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The Tufts Daily
Where you read it first | Saturday, April 20, 2024

“Walking Backwards” is what queer theater needs to be

“Walking Backwards” is an honest depiction of the lives and struggles of queer and trans individuals.

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Note: This article contains some spoilers for “Walking Backwards.”


“Walking Backwards” is an original play written and directed by Tufts sophomore Rowan Cunningham. The two-act show ran as a staged reading in Paige Hall on Feb. 15 and 16 and tells the story of found family, growth and all that comes with being a queer and transgender person moving through life. (Note: Cunningham read as Rose for the performance of this review).

Cunningham utilizes an interesting storytelling tool for this show: reverse chronological order. While many writers have attempted to use a similar storytelling device, Cunningham weaves it in ways that beautifully enhance the viewer experience. We watch from Rose’s freshman year, to her time as a young child, to her birth and beyond in the span of about 90 minutes. As the story continues to unravel, the shape of the human experience becomes more clear and enticing.

This production itself was very minimal, with scripts in hand, a projected slide show and few set pieces throughout. As such, the highly immersive show was able to focus more on building a meaningful connection between its characters and audience.

The play begins with Rose, a transgender woman and college freshman, fighting with her father, Scott (Luc Brown), as she refuses to go home for Thanksgiving, preferring to stay

on campus with her new found family and college friends Sam (Margaret Hines) and Grant (Carter Ashmun).

Act 1 focuses on Rose and her relationships with her father and friends throughout her life. Rose’s complicated relationship with her father and love for Sam and Grant are established from the start. Throughout the first act, we watch Rose as a college freshman with a passion for acting, pushed to navigate a world that questions if she is a “real” girl. We see her develop deep connections with her roommate, Sam, and a sophomore theater major, Grant. We see her come into her own in a new world and find her place. We also continue to watch as she becomes younger, more new to the world she has yet to stake her claim on. We see her first friend, Bailey (Margaret Hines), coming out to Scott, the death of her mother, Daisy (Emma Look), and her childlike wonder for the world. As Act 1 ends, we watch as Daisy and Scott first welcome her into the world.  

Act 2, on the other hand, closely follows Scott and his life. We watch as Scott nurses his relationship with his wife and mourns the loss of his friendship with Grant. We see his young adulthood, his own time in college and his childhood. The complexities of Scott become clear as we watch him come to meet, love and lose the people that shaped his life.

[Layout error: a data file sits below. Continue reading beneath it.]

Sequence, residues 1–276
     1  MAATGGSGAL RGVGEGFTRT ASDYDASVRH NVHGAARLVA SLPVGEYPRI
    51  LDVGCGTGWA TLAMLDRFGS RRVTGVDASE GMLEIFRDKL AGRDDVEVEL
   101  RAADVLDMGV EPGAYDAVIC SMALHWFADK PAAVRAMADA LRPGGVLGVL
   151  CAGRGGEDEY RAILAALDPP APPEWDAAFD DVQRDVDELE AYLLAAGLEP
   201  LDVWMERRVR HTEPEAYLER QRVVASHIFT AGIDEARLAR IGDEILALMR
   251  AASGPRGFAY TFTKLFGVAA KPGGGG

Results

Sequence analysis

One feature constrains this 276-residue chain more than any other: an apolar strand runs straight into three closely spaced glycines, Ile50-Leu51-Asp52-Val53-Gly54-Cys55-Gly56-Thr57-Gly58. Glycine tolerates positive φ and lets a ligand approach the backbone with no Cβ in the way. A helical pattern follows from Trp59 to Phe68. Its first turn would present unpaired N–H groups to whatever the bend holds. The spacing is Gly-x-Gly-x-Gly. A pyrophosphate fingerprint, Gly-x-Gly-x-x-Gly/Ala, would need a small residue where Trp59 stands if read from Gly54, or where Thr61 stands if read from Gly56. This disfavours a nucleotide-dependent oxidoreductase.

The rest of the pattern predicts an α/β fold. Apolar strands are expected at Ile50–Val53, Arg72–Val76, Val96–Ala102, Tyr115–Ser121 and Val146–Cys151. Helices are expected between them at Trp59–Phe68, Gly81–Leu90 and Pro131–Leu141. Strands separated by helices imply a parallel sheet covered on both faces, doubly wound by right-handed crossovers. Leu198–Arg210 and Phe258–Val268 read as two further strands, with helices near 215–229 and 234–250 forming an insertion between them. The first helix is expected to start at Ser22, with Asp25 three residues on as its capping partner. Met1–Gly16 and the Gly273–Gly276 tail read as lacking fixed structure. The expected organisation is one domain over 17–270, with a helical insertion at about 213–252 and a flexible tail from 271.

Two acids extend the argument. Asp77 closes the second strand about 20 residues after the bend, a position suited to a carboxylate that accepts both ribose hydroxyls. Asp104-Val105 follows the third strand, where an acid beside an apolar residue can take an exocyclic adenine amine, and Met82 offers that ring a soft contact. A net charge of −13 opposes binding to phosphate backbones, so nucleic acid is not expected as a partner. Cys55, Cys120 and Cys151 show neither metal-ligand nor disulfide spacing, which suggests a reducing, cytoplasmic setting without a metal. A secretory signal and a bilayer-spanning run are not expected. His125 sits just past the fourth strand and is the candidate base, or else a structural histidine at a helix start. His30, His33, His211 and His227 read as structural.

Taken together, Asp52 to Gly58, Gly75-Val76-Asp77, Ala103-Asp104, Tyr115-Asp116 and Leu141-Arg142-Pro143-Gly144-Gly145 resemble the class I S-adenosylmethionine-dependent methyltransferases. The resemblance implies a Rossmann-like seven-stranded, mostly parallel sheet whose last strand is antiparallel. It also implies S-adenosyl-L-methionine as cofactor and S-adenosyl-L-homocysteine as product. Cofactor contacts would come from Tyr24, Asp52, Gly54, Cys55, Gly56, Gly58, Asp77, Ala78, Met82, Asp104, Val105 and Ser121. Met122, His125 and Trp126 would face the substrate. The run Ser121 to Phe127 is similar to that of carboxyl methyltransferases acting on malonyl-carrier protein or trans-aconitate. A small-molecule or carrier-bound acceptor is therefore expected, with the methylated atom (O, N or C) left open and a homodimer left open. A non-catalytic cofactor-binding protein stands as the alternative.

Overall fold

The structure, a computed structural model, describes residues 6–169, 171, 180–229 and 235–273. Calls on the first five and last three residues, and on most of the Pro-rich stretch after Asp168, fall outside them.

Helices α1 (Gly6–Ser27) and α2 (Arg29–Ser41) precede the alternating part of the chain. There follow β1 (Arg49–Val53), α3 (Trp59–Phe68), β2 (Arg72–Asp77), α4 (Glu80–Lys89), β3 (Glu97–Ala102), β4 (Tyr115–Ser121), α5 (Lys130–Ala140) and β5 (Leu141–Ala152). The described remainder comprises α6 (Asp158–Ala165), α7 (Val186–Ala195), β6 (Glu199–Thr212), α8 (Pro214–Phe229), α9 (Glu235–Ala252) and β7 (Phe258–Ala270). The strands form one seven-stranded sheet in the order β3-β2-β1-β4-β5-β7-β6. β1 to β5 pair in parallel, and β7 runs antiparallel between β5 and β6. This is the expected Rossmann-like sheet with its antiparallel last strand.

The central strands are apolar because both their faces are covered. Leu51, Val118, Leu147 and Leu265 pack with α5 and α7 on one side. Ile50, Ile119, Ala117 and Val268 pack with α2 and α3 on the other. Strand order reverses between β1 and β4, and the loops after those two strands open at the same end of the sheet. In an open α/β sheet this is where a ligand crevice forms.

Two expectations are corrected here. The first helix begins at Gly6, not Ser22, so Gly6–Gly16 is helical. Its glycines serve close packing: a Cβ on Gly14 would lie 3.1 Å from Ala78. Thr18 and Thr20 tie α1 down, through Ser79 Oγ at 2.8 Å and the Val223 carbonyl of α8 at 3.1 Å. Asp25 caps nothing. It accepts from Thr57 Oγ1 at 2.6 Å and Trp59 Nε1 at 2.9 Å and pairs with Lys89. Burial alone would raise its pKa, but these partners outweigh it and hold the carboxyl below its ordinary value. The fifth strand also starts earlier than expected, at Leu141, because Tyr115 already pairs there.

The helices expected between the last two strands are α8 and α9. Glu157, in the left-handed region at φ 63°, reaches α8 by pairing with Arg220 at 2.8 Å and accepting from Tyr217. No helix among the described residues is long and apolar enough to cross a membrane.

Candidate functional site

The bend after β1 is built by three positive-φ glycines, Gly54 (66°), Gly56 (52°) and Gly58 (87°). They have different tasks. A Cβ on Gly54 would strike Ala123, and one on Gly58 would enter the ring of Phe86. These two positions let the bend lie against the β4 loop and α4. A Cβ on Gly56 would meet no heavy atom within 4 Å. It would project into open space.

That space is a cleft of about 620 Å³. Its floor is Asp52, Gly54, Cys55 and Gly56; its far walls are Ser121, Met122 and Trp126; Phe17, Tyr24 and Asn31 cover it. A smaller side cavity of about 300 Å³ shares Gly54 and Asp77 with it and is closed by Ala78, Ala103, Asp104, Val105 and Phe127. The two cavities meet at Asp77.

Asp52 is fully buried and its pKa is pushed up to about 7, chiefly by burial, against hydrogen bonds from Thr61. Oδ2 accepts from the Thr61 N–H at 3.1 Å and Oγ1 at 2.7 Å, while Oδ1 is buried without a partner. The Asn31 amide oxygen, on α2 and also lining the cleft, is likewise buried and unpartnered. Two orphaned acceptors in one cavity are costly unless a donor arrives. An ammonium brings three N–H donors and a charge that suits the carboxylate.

A major highlight of this production was Brown in the role of Scott. Brown puts on an amazing performance as a character with many layers we cannot understand completely until the very end of the show. Another standout performer was Ashmun. As Theo, Ashmun’s comedic timing takes the cake, as he easily breaks up heavy moments with his witty humor and joyous nature. The entire cast breathes life into the show with their seemingly natural chemistry and dynamics.

The show ends on a note many in queer theater cannot seem to hit — one of hope and love. The final scene is a pivotal moment that takes us right to the beginning (or perhaps the end) of the story. As the final details are laid out and the curtain is fully pulled back on our characters, we get a soft and sweet ending of new families being formed.

Part of what makes this show compelling are the many connections it draws between its characters and their place in time. The characters of Act 1 mirror those of Act 2, as if they all began at the same point but strayed slightly through small decisions which impacted the whole. A clear connection between all the characters was the off-campus lake the college students loved to frequent under the night sky. However, unlike their act two counterparts, Rose, Sam and Grant choose to stay at the lake together rather than leave as individuals.

Additionally, certain themes — flowers and rocks, forwards and backwards, friends and family  — run deep in this story. The show is proof that what some may consider polar opposites are more closely intertwined than we may think. The growth of Rose, like flowers, cannot happen without the aid of love and rocks. Before you can move forwards, you have to go backwards. And the love of our friends is equally as important and powerful as the love for our family.

The most phenomenal part of this production is simply the writing. Cunningham wonderfully brings together the story of family and hardship in a way that is grounded, honest and heartfelt. The story hits all the needed beats, plot twists, dramas and monologues to a T, but it is broken up with humorous moments and dialogue in a way that is not overbearing.

The writing carefully captures the queer and trans experience, along with the struggles that come from the college transition. Rose and Scott grow and struggle in similar ways, as Rose navigates the ‘progressive’ New England theater scene and Scott comes to learn about his differences in a world of his peers. And yet, as specific as the writing and dialogue is, the story is universal.

“Walking Backwards” is not a glimpse into what queer student theater could be; it is a deep pry into what it should be and what it must be. It is a leap forward in its storytelling and power.

And, there is simply no doubt that the world needs to keep its eye on Cunningham to see what she does next.

Summary Walking Backwards is a well-crafted chronicle of the complex beauty of life and family.
4.5 Stars